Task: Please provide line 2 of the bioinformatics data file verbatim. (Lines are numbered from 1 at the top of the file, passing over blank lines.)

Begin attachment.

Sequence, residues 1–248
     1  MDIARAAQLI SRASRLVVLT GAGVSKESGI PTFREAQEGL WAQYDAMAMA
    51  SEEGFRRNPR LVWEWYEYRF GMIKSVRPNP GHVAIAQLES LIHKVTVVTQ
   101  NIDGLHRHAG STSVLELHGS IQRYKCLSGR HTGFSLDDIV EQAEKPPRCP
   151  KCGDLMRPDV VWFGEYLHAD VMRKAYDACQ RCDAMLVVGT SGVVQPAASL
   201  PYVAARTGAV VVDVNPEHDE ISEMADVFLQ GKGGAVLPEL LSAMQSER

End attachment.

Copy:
     1  MDIARAAQLI SRASRLVVLT GAGVSKESGI PTFREAQEGL WAQYDAMAMA